Mike Martin

Readers of the runes might have read much into the weather at this year's show. A colossal electric storm lashed Le Bourget for hours, only to give way to gorgeous sunshine for the rest of the week.

Would that the industry had seen a similar shifting of the celestial furniture in which the great restructuring saga had been resolved, leaving the industry to bask in the glow of a more settled future.

Not this air show.

Yet there is progress and a mood that the issues are coming to a head in Europe. The continent is now left with three aerospace centres of gravity, in France, Germany and the UK, each apparently drawing the smaller players into its orbit.

British Aerospace taking over Marconi seems to have galvanised the Germans, particularly. DaimlerChrysler Aerospace has taken over Casa of Spain and is showing interest in taking a stake in Romanian aircraft maker Aerostar. In France, Aerospatiale and Matra are under the same roof.

The process of transforming Airbus Industrie into a single corporate entity is stalled, but the German government warned at the show that it won't help finance the A3XX megajumbo programme until it is.


The speed with which the German industry and government is driving things - since it was left in the lurch by BAe over the Marconi takeover - is leaving some a little nervous.

Away from the endless debate there was much to delight the eye.

If there was less military hardware than usual, no matter. There was the Boeing 717, the bizarre and beautiful Scaled Composites Proteus and the mighty Antonov An-124.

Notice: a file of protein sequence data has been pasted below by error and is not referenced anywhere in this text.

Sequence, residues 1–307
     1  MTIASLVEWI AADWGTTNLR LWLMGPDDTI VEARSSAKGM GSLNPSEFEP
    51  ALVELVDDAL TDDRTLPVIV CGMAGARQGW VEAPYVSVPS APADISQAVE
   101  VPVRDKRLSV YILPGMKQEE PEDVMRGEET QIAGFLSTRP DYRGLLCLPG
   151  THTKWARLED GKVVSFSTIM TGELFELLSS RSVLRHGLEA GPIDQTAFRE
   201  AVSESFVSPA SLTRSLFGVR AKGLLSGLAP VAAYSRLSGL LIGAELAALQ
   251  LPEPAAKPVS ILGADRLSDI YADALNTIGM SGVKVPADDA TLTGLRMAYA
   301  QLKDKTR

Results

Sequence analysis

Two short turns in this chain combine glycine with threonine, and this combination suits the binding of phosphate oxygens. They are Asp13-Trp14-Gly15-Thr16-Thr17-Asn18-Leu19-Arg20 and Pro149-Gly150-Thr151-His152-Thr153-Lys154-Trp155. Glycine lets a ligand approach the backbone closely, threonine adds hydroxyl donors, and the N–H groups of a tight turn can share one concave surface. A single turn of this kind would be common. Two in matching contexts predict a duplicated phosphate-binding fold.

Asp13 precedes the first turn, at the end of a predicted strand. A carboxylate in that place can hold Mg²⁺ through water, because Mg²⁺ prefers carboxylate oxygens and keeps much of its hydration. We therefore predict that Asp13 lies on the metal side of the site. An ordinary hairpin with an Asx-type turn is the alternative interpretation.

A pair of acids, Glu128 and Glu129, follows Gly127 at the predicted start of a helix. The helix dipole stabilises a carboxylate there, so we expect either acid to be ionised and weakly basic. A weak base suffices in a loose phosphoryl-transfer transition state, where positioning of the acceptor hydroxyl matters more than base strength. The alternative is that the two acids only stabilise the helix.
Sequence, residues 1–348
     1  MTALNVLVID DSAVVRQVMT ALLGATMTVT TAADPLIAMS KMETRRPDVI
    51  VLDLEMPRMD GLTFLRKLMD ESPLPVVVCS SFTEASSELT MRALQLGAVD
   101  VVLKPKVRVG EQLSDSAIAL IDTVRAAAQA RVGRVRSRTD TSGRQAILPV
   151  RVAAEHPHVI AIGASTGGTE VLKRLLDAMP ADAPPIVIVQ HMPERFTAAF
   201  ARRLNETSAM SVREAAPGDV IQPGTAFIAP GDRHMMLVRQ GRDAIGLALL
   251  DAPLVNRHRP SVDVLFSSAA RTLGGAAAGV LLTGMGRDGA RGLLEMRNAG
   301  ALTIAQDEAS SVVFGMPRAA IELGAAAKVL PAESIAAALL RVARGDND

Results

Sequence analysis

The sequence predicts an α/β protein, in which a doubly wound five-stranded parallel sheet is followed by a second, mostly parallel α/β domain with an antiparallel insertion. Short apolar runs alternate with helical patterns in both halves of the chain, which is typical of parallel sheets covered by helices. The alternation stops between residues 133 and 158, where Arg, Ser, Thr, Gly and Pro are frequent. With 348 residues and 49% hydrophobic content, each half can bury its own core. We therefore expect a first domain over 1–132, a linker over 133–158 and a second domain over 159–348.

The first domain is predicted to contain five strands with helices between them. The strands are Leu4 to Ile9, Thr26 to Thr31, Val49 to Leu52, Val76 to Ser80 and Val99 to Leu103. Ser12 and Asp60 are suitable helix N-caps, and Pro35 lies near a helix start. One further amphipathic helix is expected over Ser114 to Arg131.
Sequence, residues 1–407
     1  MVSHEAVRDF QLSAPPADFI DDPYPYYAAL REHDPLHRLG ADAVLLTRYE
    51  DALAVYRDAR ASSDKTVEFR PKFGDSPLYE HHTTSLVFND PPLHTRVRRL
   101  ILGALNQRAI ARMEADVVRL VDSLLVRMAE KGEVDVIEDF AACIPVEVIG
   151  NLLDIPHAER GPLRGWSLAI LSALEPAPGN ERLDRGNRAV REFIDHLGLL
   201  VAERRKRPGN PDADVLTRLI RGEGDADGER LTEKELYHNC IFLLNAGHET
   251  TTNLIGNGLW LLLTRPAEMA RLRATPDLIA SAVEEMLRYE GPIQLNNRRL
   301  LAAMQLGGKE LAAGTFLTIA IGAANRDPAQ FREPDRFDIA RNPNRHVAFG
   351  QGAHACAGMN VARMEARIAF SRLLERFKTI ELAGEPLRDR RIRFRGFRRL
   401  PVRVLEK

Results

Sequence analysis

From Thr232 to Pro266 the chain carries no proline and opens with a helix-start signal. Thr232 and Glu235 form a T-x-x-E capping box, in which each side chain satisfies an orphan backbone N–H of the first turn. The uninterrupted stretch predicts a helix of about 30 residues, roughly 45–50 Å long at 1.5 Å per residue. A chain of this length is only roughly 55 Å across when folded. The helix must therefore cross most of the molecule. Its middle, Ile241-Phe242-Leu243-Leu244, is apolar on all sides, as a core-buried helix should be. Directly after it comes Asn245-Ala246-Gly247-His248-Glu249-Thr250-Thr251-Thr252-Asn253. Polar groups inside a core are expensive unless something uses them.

But the star turn was undoubtedly the fly-past by eight Airbus Industrie aircraft, a one-off which became a "two-off" due to public demand.

Another talking point was the crash on day one of the Sukhoi Su-30 during the flying display. The pilots banged out and walked away from the blazing wreckage.

And sales like no other show has ever had. The clock was still ticking as the figure moved past $20 billion. Between them Airbus, Boeing and Rolls-Royce chalked up billion dollar deals daily.

The Raytheon team walked off with the UK's $1.3 billion airborne stand-off radar (ASTOR) deal.

But the company that walked away with the biggest tally of orders - $7 billion worth - was regional aircraft maker Embraer. Such was the intense interest in the Brazilian manufacturer's announcements that they could not fit all the journalists into the press conference room.

Looks like Embraer will have to book the much larger auditorium, a place only ever used for the big Airbus and Boeing events.


At the end of last Farnborough - itself the venue of record orders - there was a view that the industry could be heading for a downturn. Similar views were expressed at Paris, but the orders poured in.

So, is the industry defying gravity or is it just a case of the prediction business being notoriously difficult?

Who can be sure, but no doubt we will be talking about it, when we all meet again.

Source: Flight Daily News